George Jenne.

“My desk is the one place in the studio where nothing really matters. It is a place to think, read, cut, draw, paste and generally fuck up. When I’m sitting at this desk, I feel none of the self imposed pressure to make an idea work. The only imperative is to come up with something, better yet, lots of somethings. Much of what I make at my desk is discarded or hidden in a box for ever. The filtered down stuff that makes its way into the studio gives me a steady excited knot in my stomach. This is how I know it is good.

The desk was given to me by a wealthy woman who had no tangible use for it.”

Books:

The Picture of Dorian Gray by Oscar Wilde
• small Rhodia sketchbooks, organized chronologically
• Stephen King’s Night Shift
• The Art of War by Sun Tzu
• The Way and Its Power by Arthur Waley
• On Longing by Suzan Stewart
• medium sketchbooks, randomly ordered
• Mr. Technicolor by Herbert Kalmus (the inventor of Technicolor)
• Invasion of the Body Snatchers by Jack Finney
• Puppets and Automata by Max Von Boehn
• The Uncanny by Sigmund Freud
• Stephen King’s Danse Macabre
• a pile of Fangoria magazines, collected from the age of 14-17

Miscellany:

•drawing tools
• fake plastic skulls from a halloween store paper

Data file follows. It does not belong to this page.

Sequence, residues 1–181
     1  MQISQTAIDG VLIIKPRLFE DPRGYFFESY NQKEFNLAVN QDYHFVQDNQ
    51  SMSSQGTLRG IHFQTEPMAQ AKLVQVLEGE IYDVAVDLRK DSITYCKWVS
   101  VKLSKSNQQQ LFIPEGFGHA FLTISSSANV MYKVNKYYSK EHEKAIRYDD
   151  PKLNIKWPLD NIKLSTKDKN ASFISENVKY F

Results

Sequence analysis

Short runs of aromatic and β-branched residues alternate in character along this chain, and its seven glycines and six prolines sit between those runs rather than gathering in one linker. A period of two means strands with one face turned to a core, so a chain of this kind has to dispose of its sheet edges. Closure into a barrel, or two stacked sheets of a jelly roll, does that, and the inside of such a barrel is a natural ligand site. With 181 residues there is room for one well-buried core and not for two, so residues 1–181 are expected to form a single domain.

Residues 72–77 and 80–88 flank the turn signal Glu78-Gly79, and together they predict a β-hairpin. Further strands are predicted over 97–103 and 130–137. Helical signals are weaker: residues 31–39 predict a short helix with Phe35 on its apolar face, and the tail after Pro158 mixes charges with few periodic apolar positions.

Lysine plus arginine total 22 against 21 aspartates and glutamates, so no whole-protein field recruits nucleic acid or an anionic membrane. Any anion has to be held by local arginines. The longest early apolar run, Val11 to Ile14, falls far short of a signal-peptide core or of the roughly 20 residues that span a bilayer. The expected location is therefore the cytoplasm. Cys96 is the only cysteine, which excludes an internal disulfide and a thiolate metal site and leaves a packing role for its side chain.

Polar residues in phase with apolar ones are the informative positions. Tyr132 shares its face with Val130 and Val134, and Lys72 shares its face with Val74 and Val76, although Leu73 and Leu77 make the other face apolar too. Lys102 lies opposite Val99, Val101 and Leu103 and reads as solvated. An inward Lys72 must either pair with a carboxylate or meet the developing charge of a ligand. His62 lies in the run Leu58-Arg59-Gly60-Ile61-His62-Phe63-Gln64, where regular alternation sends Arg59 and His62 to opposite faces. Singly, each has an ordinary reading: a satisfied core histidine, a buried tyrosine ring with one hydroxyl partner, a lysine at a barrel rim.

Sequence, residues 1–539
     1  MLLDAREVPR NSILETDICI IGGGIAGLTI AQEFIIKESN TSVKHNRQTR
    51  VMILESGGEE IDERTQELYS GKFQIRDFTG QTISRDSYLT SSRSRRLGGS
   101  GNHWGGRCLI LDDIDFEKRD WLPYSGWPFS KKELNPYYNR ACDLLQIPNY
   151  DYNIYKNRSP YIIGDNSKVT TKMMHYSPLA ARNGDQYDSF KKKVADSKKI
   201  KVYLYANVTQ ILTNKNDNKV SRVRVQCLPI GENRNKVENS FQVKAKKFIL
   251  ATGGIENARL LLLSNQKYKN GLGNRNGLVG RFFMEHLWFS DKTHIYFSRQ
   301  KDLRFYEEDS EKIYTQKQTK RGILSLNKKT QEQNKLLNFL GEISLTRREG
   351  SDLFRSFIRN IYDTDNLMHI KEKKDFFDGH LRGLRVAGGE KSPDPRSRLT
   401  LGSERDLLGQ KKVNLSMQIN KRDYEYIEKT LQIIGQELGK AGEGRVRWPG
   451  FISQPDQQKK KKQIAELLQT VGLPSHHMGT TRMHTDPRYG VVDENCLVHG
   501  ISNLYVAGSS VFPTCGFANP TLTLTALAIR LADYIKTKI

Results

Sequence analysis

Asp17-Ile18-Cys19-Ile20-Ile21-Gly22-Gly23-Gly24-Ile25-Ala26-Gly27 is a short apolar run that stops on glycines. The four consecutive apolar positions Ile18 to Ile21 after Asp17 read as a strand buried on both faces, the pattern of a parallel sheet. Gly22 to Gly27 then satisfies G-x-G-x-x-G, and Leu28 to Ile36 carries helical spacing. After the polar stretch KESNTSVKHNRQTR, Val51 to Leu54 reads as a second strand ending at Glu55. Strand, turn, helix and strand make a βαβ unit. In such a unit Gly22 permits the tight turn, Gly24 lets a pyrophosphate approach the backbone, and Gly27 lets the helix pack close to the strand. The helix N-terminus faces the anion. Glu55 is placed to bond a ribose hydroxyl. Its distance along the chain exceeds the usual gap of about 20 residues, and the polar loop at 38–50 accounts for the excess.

• mache skull from a craft store
• Makata skateboard candle
• current ink studies and collages glue, scissors, scrap paper

George Jenne was born in Richmond, VA and grew up in Chapel Hill, NC. He currently splits his time between New York City and Chapel Hill. He teaches in the Film/Animation/Video department at the Rhode Island School of Design. Some of his latest work will be seen in December at Frosch & Portman in New York, NY.


 

FROM YOUR DESKS: What are you working on?

GEORGE JENNE: I have two projects going in tandem. I’m doing a series of large skull drawings made from graphite and taken from very small quick ink drawings. The images are heavily layered and become sort of mysterious and abstract. The basic idea is to maintain all of the loose, instinctual gesture of the ink drawings but to slow the marks down exponentially by essentially whittling away at them with a number 2 pencil. The process is excruciatingly slow but it creates an interesting tension. Similar drawings ended up in Don’t Look Now. The next step is to chronicle an entire movie this way by taking drawings from film stills and blowing them up into graphite. From there, I’ll make cast lead props that relate to the drawings. This is a long-term project. Who knows when it’ll be done.

The other thing I’m working on is a series of large photo prints of old masks and props that I made as a teenager. These items are roughly twenty years old and have decayed pretty bad. Perfect time to record them.

Those movies usually alter my sense of reality for a time after having watched them. There’s something psychotropic going on.

FYD: In your work Some Hours After the Confederate are we seeing a portal?   

GJ: Yes, you’re looking through amorphous hole in a giant door. That piece was about dwarfing the viewer before they entered this tableaux. The legs themselves are roughly six feet long. The door is over eight feet tall. It was meant to be cozy and uncanny at the same time.

FYD: The socks and sneakers; what labels?